Sales of minicars in Europe lost 5% in the first quarter of 2017 with 360.000 units sold, compared to an overall market growth of 7,8%. Fiat remains segment leader with two models on top, and both outgroing the rest of the segment, to increase its total share to 31,5%. After reclaiming the lead from its sibling Fiat 500, the Fiat Panda consolidates its first place, but once again it is extremely dependent on its home market Italy which accounts for 81,8% of its total European sales (up from 78,4% in 2016-Q1), compared to “just” 31,6% for the 500. In third place we still find the Volkswagen Up!, but the Toyota Aygo is just 700 units behind after taking third place in February. And the Hyundai i10 isn’t far away in fifth place either, after being the fastest growing model in the segment top-10. [Read more…]
With a bit of a delay we’ll start with the European segment analyses for 2016, starting of course with the minicar segment. Sales of minicars in Europe were stable in 2016 with 1,33 million units sold, compared to an overall market growth of 6,2%. Fiat still holds the top 2 spots of the podium and grows its share of the segment to over 28%, but after 3 years of Fiat 500 reign the Fiat Panda has reclaimed leadership of the segment it led from 2004 until 2012. The Volkswagen Up! holds on to its third place but loses 8% of its volume. The Renault Twingo, leader of the segment between 1999 and 2003, is knocked down into 5th place by the Hyundai i10 and feels the Toyota Aygo breathing down its neck. All three models lose volume in 2016. The Smart Fortwo is the biggest winner in the top-10 with sales up 21%, jumping four places on 2015 and two places on Q3 of 2016. The small two seater even outsold the Aygo in Q4. [Read more…]
With a bit of a delay we’ll start with the European segment analyses for the first three quarters of 2016, starting of course with the minicar segment. After growing 5% in the first half of the year, sales of Europe’s smallest cars have dropped in Q3, reducing the year-to-date growth rate to just 1%. The slowdown of the Volkswagen Up! and the Fiat Panda are largely responsible for this, and this has enabled the Fiat 500 to outsell its sibling in Q3 and threaten it for the segment’s full year top position which it has held since 2013. The third place of the Up! appears unthreatened, but the Renault Twingo has dropped from 4th place in the first half to 6th place after nine months after being outsold by the Toyota Aygo and Hyundai i10. The latter of these two was the #3 seller of the segment in Q3, even topping the little VW. The Lancia Ypsilon holds on to its 7th place, but all five of its closest challengers in places 8 to 12 were within 150 sales of each other in Q3 and all outsold the Ypsilon this quarter.
The minicar segment in Europe grows 5% in the first half of 2016, which is lower than the overall market at +8,8%. The two Italian segment leaders benefit from the impressive rebound of the Italian car market, the fastest growing major market in the EU. The Fiat Panda is more dependent on its home market than its sibling Fiat 500, and therefore is able to hold on to the segment lead, which it already claimed in the first quarter. The help Fiat hold a 28,5% share of the segment. The Volkswagen Up! remains a distant third with less than half the volume of the leader with sales down 5%, while the Renault Twingo reclaims its fourth place after having dropped to sixth in the first quarter. The rear-engined, rear-wheel drive Twingo lost a lot of ground in Q1 and has recovered only half of that in Q2, but should be able to hold on to its position for the rest of the year, with not a lot of new or updated models arriving in showrooms the coming months. The Toyota Aygo stays well clear of its PSA siblings Peugeot 108 and Citroën C1, while the Smart Fortwo is the biggest winner in the top-10 with an increase of 26%. It even outsold the 108 in Q2 and looks set to leapfrog the French minicar to steal 8th place. That’s still a long way from the fifth place it held in 2013 and before, but bear in mind there were fewer rivals back then, and the Forfour surely cannibalizes some Fortwo sales as well.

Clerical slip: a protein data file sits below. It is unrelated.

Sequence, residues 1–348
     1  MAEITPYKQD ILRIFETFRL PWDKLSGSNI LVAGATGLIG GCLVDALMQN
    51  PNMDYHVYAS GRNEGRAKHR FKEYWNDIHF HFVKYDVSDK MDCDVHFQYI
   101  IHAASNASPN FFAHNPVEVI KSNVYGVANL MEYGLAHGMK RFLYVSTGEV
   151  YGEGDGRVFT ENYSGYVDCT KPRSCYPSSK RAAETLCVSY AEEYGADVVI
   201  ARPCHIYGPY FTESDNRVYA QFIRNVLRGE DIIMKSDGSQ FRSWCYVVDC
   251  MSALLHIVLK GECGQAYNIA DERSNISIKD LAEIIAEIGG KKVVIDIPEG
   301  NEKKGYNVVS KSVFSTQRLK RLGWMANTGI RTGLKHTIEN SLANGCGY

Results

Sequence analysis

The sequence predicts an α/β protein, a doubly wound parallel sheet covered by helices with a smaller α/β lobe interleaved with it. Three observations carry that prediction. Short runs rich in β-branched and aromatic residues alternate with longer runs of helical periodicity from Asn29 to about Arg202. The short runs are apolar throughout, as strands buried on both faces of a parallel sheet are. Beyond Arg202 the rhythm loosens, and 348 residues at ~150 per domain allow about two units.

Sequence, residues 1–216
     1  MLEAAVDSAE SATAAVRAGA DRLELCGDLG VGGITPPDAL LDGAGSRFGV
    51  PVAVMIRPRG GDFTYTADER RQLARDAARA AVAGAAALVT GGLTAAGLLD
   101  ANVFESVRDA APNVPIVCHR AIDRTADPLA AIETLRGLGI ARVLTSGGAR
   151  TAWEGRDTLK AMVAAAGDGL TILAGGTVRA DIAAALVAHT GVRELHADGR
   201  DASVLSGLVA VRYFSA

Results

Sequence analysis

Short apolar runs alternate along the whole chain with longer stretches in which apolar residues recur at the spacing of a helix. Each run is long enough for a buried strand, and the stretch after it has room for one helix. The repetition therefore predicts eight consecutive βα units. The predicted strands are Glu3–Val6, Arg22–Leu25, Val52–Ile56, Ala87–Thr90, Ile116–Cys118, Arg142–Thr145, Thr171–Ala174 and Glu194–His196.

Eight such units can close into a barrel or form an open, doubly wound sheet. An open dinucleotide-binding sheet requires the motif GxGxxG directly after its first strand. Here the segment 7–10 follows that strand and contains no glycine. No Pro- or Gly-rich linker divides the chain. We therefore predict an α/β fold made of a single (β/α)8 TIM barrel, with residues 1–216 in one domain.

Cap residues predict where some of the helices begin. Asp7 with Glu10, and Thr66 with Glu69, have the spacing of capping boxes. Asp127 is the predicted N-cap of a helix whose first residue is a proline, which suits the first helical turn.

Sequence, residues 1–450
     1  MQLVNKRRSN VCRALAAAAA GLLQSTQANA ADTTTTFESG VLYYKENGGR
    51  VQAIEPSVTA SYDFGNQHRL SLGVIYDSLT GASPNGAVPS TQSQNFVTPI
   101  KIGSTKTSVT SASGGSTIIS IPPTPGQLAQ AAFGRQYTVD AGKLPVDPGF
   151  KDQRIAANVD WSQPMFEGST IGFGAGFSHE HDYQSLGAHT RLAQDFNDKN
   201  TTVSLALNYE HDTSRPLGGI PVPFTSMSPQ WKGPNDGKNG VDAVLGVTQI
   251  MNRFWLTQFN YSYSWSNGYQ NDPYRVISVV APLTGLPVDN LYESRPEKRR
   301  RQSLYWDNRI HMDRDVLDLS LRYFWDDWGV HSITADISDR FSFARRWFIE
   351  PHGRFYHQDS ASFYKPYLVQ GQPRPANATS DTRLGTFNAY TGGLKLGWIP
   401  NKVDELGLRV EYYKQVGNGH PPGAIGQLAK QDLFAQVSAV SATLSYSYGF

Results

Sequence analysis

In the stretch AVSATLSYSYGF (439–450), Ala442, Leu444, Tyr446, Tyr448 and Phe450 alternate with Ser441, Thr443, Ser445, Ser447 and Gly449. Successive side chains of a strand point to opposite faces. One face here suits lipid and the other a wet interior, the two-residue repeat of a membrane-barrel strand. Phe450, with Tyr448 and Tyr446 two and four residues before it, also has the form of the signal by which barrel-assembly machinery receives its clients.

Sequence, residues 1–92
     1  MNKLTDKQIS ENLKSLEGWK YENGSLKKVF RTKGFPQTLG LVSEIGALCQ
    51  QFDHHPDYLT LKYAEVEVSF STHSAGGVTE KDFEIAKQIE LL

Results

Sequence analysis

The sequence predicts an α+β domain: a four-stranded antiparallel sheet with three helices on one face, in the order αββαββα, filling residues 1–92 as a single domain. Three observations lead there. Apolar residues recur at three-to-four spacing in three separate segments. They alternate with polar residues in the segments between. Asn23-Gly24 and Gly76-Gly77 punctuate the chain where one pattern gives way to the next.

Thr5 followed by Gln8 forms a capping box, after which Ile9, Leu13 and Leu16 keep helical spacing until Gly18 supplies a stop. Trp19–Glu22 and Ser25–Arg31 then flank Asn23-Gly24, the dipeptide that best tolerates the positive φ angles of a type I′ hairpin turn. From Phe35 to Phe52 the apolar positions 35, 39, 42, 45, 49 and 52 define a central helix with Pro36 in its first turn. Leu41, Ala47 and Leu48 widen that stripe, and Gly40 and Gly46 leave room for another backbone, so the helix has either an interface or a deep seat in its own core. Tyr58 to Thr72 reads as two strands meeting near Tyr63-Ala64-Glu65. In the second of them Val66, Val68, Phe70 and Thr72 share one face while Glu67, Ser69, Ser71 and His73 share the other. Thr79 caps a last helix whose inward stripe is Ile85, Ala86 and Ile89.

The minicar segment in Europe grows at half the pace of the overall market, at +4% in the first quarter of 2016. The two Italian segment leaders grow faster than the rest of the segment on average and boost their share from 26,4% to 29%, helped by the strong recovery of their home market so far this year. The Fiat Panda has overtaken the Fiat 500 to reclaim its leadership thanks to a very strong first two months, but I don’t think it will hold on to that lead until the end of the year, as the 500 has proven very strong, even though its facelift last year was only minor. The Volkswagen Up! loses 12% but holds on to its third place as last year’s closest rival Renault Twingo loses a painful 22% and drops to sixth place.[Read more…]